Vancouver Housing Prices Falling, Bucking National Trends

By John Misachi on February 12 2020 in Economics

An aerial view of Vancouver, Canada.
An aerial view of Vancouver, Canada.
  • Housing prices declined in 2019 for the first time in five years
  • Some places recorded growth in house prices
  • 2019 saw a record house construction levels, 200 more than a record set in 2016

Vancouver is one of the most fabulous places in Southwestern Canada and considered a visual paradise for many who have visited it. However, just like San Francisco or New York in the US, Vancouver is one of the most expensive places to live in North America. With an expense of about $1.6 billion, the city has the largest budget of any British Columbia municipality. Housing cost is one of the biggest budget lines for any person living in Vancouver. In December 2019, the Council passed the 2020 budget which, among other things, increased the property tax by 7%, the highest property tax increase in a decade. But has the property tax affected the housing prices?

Falling Housing Prices in Vancouver

A recent house-price survey released by Royal LePage towards the end of 2019 showed that the aggregate house prices across the Greater Vancouver declined by about 5.2% in the last quarter of 2019 compared to the same period in 2018. This was the first time in five years that the average decline in property value was reported in Greater Vancouver.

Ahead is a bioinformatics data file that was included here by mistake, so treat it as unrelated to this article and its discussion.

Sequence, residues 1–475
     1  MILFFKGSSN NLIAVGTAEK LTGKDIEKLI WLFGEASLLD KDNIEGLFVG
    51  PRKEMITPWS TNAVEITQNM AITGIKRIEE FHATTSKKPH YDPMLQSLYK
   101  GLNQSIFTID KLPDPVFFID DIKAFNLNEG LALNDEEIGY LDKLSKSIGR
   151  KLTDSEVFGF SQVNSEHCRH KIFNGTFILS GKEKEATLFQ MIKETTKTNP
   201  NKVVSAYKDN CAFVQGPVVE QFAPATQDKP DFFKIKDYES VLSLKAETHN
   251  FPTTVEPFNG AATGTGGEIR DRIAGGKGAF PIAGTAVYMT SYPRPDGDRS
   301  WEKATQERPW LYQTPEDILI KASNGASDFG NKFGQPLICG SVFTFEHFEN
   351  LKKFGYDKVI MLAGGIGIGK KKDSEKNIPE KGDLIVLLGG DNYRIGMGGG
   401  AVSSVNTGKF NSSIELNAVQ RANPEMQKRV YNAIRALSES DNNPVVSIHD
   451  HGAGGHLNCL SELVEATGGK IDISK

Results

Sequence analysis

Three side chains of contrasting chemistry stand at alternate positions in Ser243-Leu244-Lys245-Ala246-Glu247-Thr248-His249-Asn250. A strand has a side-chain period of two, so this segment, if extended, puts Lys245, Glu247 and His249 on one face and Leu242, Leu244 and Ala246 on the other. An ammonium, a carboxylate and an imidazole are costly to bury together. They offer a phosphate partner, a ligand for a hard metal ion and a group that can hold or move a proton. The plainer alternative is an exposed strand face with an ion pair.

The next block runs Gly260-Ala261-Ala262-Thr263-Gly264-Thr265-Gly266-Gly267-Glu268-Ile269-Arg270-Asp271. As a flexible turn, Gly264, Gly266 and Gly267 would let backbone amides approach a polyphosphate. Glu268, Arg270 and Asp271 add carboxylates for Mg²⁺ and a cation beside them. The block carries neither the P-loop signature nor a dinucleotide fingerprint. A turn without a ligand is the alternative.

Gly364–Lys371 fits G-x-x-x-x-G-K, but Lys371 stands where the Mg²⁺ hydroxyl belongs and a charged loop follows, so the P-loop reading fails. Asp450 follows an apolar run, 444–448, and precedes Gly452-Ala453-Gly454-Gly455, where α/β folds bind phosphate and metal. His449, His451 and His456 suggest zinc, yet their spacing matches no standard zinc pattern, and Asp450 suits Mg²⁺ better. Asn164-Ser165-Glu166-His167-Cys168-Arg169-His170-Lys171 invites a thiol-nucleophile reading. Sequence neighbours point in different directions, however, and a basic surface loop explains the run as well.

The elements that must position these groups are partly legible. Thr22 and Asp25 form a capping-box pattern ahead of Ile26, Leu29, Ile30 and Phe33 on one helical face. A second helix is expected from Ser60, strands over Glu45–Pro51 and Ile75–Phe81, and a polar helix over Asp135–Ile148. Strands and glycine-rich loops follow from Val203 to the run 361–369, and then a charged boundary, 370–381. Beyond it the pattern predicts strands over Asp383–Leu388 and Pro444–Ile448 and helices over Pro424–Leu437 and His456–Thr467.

The fall in housing prices across the city varied by suburb and housing type. In some places, house prices recorded a growth rather than a fall. For instance, homeowners of Langley condos recorded a 2.2% increase in house prices while the prices of two-story detached homes in North Vancouver went up 0.4%.

The largest drop in house prices was witnessed by owners of condos in West Vancouver, whose property value fell by 16.8% to about $1.07 million. Bungalow owners across Greater Vancouver also experienced the largest decline in the fourth quarter of 2019. The prices of detached bellwether bungalow fell by 4.9% to $1.4 million. The dramatic fall in property prices was particularly more for high-end properties priced over $2 million. Townhouses averaging just below $1 million did not see much steep in prices.

Record Housing Construction Despite Falling Prices

Although Greater Vancouver recorded a fall in housing prices in the last quarter of 2019 for the first time in five years, the city saw a record level of housing construction in 2019. According to Canada Mortgage and Housing, construction of some 28,141 new homes began in 2019, up 20% from 2018. The new units brought the total number of units under construction in the Metro to a record 46,000 units. The new record set in 2019 exceeded the record set in 2016 by 200 units. The surge in construction is a result of the strong demand for homes in the Metro. However, the number of completed housing units in the coming years, especially the condominiums, will likely dampen the prices or rent.

The Average Monthly Rent

Vancouver is the highest-priced city in the country for a two-bedroomed apartment. According to Rental.ca, the average monthly rent for a one-bedroom apartment is $2,208 while a two-bedroom apartment is $3,049. The average rent per square foot in Vancouver is $3.4, with downtown as the most expensive area with $4.69 per square foot. The high rental prices in Vancouver have not discouraged people from relocating to the city.

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